The 60-second guide to Vilnius

Capital of Lithuania, the medieval town of Vilnius is a magical place that offers a wealth of culture.

In its own head
“We have the most stunning Baroque architecture in the whole of northern Europe, as well as a banging nightlife and beautiful people.”

But more realistically
The town is a magnet to culture vultures – but also to stag parties. There are so many activities available in such historic and beautiful surroundings that it has become irresistible to large groups of excitable young men.

The vibe
Liverpool handed over the honour of being European Capital of Culture to Vilnius in 2009, and you can see why. The city is filled with artists, actors and musicians.

The natives
Vilnius is a cosmopolitan city, with 20 percent of its population Polish and 20 percent Russian, as well as several other nationalities thrown into the mix.

The weather
Vilnius has hot summers and cold winters, but visitors with be far from disappointed with a winter break here – the city looks gorgeous blanketed in pure white snow.

The local speciality
Potatoes are a Lithuanian staple, so try kugelis, a rich, buttery potato and bacon dish that looks like lasagne and tastes like a heart attack. Beware the ultra-large portions!

The celebrity
The Lithuanians love Frank Zappa so much local artists built a statue in Vilnius in his honour – even though he never even visited the city.

Did you know?
Lithuanians have a lot of strange customs, including pouring shots for your neighbour at the dinner table, and passing the bottle round until it’s finished. Apparently a drunk guest is a happy guest.

They say
“Narrow cobblestone streets and an orgy of Baroque: almost like a Jesuit city somewhere in the middle of Latin America.” – author Czeslaw Milosz

Ask a Vilnius cabbie!
Local taxi driver Jonas Zulumskyte says: “Roads are not too busy in Vilnius, as the small city is spread over a large area. The speed limit is 130km/h on the motorways and 50km/h in town. Parking signs are in Roman numerals to denote the days you can park there and circled numbers that mean you have to pay.”

5 to see in town…

Uzupio District
Occupied by artists and squatters, this bohemian district was unofficially made an independent republic in the late 90s, with its own president, anthem, flag, currency, army and constitution. Every April Fool’s day, the area is surrounded by mock border guards, while the entire district parties hard. Check out the cute signs on the streets, such as ‘A dog has the right to be a dog,’ and ‘People have the right to be unhappy’.
Where to park?
There is street parking in Uzupio.

Old Town
Vilnius’ Old Town captures the medieval spirit of Lithuania in its majestic spires, cobbled alleyways and diverse architecture. Kick back in a cosy café and watch the locals go about their daily lives.
Where to park?
There is a small, free car park near the Museum of Applied Art on Arsenalo Gatve.

KGB Museum (Genocido Auku Muziejus)
A sad and moving museum that depicts Lithuanians’ loyalty to each other, their love of their country and the tragedy they endured, through displays of photographs, documents and personal belongings of those who were imprisoned for fighting the Soviet occupation. The basement prison and execution chamber are the museum’s most spine-chilling experiences.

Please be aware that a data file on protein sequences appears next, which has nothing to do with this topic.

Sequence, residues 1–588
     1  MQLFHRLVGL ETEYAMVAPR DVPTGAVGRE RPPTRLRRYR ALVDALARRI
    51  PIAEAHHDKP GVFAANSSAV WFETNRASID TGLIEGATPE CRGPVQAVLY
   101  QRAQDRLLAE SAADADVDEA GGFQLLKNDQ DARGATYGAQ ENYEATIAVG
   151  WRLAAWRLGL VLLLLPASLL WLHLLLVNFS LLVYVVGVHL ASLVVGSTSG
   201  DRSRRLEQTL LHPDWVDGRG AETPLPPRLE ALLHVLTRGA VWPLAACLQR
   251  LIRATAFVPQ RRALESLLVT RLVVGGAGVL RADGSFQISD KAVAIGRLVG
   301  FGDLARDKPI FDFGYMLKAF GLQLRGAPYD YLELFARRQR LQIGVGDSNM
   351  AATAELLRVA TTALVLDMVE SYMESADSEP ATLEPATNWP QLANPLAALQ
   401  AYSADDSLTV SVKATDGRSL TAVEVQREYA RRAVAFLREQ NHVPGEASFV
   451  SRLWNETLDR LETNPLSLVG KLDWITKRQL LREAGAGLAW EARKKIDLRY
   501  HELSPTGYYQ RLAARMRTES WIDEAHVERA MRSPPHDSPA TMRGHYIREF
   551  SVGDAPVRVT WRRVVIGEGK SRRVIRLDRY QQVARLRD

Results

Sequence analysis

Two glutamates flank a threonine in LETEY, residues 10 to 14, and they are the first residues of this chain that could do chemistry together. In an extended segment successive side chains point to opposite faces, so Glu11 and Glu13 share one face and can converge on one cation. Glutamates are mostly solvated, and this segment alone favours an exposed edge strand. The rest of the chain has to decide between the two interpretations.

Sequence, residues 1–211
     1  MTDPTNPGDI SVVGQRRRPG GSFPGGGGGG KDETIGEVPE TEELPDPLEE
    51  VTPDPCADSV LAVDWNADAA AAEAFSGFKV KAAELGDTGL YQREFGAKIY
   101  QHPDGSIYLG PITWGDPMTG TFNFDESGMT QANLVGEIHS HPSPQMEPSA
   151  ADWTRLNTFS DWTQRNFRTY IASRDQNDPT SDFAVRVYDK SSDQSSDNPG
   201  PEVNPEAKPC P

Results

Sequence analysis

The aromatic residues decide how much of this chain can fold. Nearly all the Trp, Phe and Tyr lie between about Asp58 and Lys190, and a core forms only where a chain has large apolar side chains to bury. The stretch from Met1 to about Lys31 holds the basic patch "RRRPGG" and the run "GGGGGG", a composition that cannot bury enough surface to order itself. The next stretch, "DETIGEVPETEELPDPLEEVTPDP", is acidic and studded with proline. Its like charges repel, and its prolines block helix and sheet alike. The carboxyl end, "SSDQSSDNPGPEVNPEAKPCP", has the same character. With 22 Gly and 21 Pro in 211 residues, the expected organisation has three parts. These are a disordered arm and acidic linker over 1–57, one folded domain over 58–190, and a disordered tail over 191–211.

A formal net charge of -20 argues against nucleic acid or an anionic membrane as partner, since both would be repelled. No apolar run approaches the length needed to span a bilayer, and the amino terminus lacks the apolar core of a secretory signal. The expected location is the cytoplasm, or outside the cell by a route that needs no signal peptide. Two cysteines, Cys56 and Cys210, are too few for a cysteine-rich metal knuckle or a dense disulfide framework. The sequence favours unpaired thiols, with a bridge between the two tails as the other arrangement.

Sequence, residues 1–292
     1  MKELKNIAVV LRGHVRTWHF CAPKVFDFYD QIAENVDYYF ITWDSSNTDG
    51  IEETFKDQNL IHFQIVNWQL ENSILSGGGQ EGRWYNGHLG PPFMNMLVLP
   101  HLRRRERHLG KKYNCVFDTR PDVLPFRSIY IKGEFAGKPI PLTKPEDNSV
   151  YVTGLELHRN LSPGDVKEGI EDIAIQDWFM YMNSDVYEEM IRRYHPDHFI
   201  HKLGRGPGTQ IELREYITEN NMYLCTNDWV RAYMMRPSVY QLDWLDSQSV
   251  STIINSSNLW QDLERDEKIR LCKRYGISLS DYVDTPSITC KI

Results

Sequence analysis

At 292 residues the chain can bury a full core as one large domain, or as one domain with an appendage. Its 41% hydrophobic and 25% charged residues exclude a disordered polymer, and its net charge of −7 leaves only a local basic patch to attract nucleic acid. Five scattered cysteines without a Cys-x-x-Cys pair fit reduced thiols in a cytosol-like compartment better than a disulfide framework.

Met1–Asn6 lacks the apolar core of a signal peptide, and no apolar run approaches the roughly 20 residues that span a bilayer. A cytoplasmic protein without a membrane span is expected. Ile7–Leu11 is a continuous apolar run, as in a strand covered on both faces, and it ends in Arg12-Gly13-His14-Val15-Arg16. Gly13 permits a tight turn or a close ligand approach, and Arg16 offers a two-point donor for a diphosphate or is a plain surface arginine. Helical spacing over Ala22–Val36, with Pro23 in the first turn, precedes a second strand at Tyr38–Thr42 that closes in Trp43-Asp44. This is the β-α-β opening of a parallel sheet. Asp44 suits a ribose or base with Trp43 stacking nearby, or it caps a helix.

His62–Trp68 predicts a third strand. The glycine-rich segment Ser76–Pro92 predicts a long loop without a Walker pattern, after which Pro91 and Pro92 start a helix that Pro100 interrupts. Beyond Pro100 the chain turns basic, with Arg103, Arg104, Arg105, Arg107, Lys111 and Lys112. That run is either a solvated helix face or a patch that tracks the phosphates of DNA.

Where to park?
There is relatively cheap parking on Gedimino Prospektas, which is close to the KGB Museum.

St. Anne’s Church
You might recognise this striking landmark from postcards of Vilnius. Its majestic yet elegant Gothic architecture sets it apart from the crowd, and it’s said to be one of the most unique churches in Europe.
Where to park?
Located in the Old Town, leave the car on Arsenalo Gatve, near the Museum of Applied Art.

The Cathedral
The neo-classical Vilnius Cathedral is the visual polar opposite of St Anne’s Church. The smooth, white exterior conceals a matching interior that wouldn’t be out of place in a home styling magazine, while its walls are adorned with 16-19th century art and magnificent frescoes.

Where to park?
Located in the Old Town, leave the car on Arsenalo Gatve, near the Museum of Applied Art.

And 4 to drive to…

Kaunas
Sister city to Los Angeles, the temporary capital of Lithuania Kaunas bears no resemblance to the Californian city, instead offering culture, history and a remarkable Old Town – and not a inch of fake tan in sight.
How to get there?
Kaunas is an hour and a half west on the A1.

Geographical centre of Europe
Only half an hour away from Vilnius is the very spot listed in the Guinness Book of Records as being dead centre of Europe. When you’re done feeling centred, check out Europos Parkas, 10 miles away, which contains the world’s largest artwork – a sculpture made of 3,000 TV sets. It’s a sight for square eyes.
How to get there?
Purnušk?s is half an hour from Vilnius on the A14.

Trakai Castle
Situated on an island on Lake Galv?, the ancient Trakai Castle sits in a beautiful district known as ‘The Town of Lakes’. After visiting the castle, explore Trakai, a historic village built on a peninsula.
How to get there?
Trakai is half an hour west on the A16.

The Curonian Spit
If you’re missing sand and sea on your city break, take a day trip to the Curonian Spit, a narrow, 60-mile sand dune peninsula that separates the Baltic Sea from the Curonian Lagoon. On one side you have a beach and the other a fragrant pine forest. Just make sure you come in the summer if you plan on donning your bathers – blue skin doesn’t make for a good look.
How to get there?
Sandy fun awaits three hours and 45 minutes northwest on the A1.

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